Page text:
The Conversation appears in an aspect ratio of approximately 1.85:1 on this single-sided, double-layered DVD; the image has been enhanced for 16X9 televisions. While it clearly shows its age at times, I found the picture to look quite solid during most of the film.

Sharpness appeared crisp and distinct throughout the movie. Virtually no instances of softness marred the image, and it looked nicely defined and accurate. Moiré effects and jagged edges presented no substantial concerns, and the artifacts from the anamorphic downconversion on my 4X3 TV seemed very minor. Some modest print flaws appeared, but these appeared quite small for an older film. I saw a little light grain at times, and speckles and grit showed up on occasion, but more significant defects like scratches, hairs, blotches, tears or other concerns were absent.

Colors looked consistently clear and accurate at all times. The Conversation often utilized a fairly drab palette - the subject doesn’t lend itself to bright, chipper hues - but they always seemed solid, and exteriors were marvelously vivid. Black levels appeared generally deep and rich, though shadow detail sometimes appeared somewhat thick. Most low-light sequences came across as clear and appropriately opaque, but some of them were a little too heavy and tough to discern. Despite these minor concerns, the image largely appeared very good.

Also strong was the remixed Dolby Digital 5.1 soundtrack of The Conversation. This version took the original monaural audio and spread it out nicely. The soundfield remained appropriately modest for much of the film. The stark piano score echoed neatly from the front speakers, and both the forward and surround channels consistently provided gentle but involving ambiance with occasional modest panning between them. During a few scenes - such as the convention and Harry’s dream - the audio kicked in more actively and offered some quite engaging sound.

The quality of the sound seemed relatively positive. Dialogue came across as somewhat hollow and thin at times, but it generally appeared crisp and acceptably natural. A little edginess appeared in the speech on occasion - especially during the convention scenes - but these instances were infrequent. Effects also showed some light distortion at times, but for the most part they were clean and accurate and they offered good bass when necessary. The music seemed clear and rich, and also showed fine depth at times. Ultimately, the soundtrack of The Conversation appeared very strong for a film of this era.

The Conversation tosses in a few nice supplements. First we find two running audio commentaries. The first of these comes from director/writer/producer Francis Ford Coppola. I’d previously heard Coppola’s remarks for Tucker and thought it was a decent but unspectacular track; he offered some solid information but the commentary suffered from a lack of coherence and too many empty sections.

While his track for The Conversation also has a few dead spots, they occur much less frequently, and Coppola provides a lot more compelling details. He covers a wide variety of topics from the genesis and making of this film to some fun anecdotes to a bit of analysis to a few general discussions of his career. I found Coppola’s remarks to be consistently engaging and interesting; it passed by very quickly and left me wanting more. This terrific track makes me even more anxious to get similar commentaries for the Godfather films.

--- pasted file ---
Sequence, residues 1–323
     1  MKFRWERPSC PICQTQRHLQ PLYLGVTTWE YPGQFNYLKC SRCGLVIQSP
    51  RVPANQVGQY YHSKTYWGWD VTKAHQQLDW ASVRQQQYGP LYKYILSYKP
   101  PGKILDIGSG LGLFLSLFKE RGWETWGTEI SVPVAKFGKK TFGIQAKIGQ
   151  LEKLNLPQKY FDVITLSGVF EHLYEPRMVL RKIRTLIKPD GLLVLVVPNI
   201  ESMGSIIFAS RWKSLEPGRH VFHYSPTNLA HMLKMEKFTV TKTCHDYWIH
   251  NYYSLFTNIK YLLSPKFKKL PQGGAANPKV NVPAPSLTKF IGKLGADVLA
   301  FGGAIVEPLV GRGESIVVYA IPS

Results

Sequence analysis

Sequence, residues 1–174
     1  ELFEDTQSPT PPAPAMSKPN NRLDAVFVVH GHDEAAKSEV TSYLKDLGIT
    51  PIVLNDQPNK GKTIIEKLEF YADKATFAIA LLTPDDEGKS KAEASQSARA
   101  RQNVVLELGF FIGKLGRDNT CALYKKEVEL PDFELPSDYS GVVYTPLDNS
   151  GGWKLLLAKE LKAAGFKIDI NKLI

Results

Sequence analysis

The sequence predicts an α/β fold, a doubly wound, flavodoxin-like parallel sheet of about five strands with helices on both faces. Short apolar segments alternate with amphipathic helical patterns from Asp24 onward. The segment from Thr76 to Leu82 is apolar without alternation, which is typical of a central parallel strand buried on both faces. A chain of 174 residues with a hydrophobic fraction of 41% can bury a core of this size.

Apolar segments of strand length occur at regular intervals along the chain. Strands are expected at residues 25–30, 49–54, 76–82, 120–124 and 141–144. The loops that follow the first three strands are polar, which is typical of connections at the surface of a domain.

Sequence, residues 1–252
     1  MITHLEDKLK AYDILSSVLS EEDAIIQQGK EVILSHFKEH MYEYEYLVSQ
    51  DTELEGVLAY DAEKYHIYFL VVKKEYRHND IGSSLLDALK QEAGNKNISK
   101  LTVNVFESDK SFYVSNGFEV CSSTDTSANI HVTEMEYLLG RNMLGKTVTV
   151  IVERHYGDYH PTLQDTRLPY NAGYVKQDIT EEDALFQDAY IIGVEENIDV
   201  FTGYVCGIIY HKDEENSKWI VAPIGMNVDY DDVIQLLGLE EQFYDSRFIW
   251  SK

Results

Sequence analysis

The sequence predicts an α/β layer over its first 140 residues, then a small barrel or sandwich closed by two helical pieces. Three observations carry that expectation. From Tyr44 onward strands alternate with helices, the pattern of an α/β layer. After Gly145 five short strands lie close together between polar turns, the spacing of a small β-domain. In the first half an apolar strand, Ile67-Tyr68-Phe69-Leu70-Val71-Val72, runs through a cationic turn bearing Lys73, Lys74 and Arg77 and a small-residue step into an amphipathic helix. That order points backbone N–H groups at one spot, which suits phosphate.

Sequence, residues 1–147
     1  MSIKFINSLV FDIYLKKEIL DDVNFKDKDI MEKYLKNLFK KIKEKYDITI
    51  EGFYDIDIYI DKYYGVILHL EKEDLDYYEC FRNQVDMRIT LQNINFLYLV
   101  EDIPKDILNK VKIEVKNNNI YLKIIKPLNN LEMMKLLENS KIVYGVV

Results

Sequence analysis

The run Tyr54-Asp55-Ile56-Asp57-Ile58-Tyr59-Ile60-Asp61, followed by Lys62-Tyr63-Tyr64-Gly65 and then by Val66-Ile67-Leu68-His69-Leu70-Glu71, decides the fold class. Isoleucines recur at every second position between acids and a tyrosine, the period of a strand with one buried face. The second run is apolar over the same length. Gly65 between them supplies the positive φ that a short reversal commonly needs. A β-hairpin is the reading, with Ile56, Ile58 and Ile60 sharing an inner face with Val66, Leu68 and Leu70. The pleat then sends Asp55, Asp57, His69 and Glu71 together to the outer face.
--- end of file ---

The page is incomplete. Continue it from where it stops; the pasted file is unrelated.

The second commentary comes from editor/sound designer Walter Murch. While he also provides some useful remarks, I found this track to be much less compelling than the one from Coppola. It features many more dead spots - so many that I occasionally wondered if Murch had passed out - and since he lacked the same high level of involvement in the project - The Conversation was really a personal creation of Coppola’s - Murch doesn’t have nearly as much to say about it.

Nonetheless, Murch covers enough interesting ground to make the commentary worth a listen. Not surprisingly, he touches upon much more technical data than does Coppola, and this is the aspect of the track that provides the best information. For example, we learn how much (or little) realism there was in the surveillance techniques used, and he also discusses some interesting ways that the story was altered in the editing room. Murch repeats some of Coppola’s comments, but for the most part he relates new details. I didn’t think this was a great commentary and it’s not nearly as strong as Coppola’s, but fans of The Conversation will want to give it a listen.

Next up is a featurette about the film. Called “Close-up on The Conversation”, this eight-minute and 35-second program was created concurrent with the film’s production, and that’s what makes its special. The show’s brevity means that it can’t ever be great, but since it focuses heavily on the film itself and lacks much promotional sheen, it’s a fun artifact. We find lots of footage from the set and a few interview snippets with Coppola and Hackman. Vintage featurettes are always hit or miss, and this one’s largely interesting.

Finally, we find the film’s original theatrical trailer plus some DVD production credits. It’s not an overwhelming package of extras, and the absence of deleted scenes is a disappointment - during the commentaries, we learn that the original cut of The Conversation lasted about five hours, so there obviously is a lot of unused material - but the supplements complement the movie well.

Since The Conversation is such a solid film, it’s nice to see that it got such fine treatment on DVD. The movie is a rich and subtle experience that benefited from low-key direction and excellent acting. The DVD offers very good picture and sound plus some good extras. The Conversation would make a nice addition to any DVD collection.

Menu: DVD Movie Guide | Archive | Top